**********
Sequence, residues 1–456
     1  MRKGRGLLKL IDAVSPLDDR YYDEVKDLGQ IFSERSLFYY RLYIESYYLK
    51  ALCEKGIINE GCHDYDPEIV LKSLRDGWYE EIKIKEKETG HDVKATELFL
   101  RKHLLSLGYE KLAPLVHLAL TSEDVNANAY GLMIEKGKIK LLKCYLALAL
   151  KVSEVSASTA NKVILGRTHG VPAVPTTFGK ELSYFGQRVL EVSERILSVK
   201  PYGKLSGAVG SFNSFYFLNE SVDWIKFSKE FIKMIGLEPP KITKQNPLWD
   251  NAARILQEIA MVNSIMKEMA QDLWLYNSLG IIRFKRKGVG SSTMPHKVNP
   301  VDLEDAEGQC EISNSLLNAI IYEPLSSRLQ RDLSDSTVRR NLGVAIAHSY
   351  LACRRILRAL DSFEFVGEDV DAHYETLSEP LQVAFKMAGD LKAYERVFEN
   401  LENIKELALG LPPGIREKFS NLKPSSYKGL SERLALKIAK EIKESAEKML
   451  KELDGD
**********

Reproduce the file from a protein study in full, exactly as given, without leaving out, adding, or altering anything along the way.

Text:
Sequence, residues 1–456
     1  MRKGRGLLKL IDAVSPLDDR YYDEVKDLGQ IFSERSLFYY RLYIESYYLK
    51  ALCEKGIINE GCHDYDPEIV LKSLRDGWYE EIKIKEKETG HDVKATELFL
   101  RKHLLSLGYE KLAPLVHLAL TSEDVNANAY GLMIEKGKIK LLKCYLALAL
   151  KVSEVSASTA NKVILGRTHG VPAVPTTFGK ELSYFGQRVL EVSERILSVK
   201  PYGKLSGAVG SFNSFYFLNE SVDWIKFSKE FIKMIGLEPP KITKQNPLWD
   251  NAARILQEIA MVNSIMKEMA QDLWLYNSLG IIRFKRKGVG SSTMPHKVNP
   301  VDLEDAEGQC EISNSLLNAI IYEPLSSRLQ RDLSDSTVRR NLGVAIAHSY
   351  LACRRILRAL DSFEFVGEDV DAHYETLSEP LQVAFKMAGD LKAYERVFEN
   401  LENIKELALG LPPGIREKFS NLKPSSYKGL SERLALKIAK EIKESAEKML
   451  KELDGD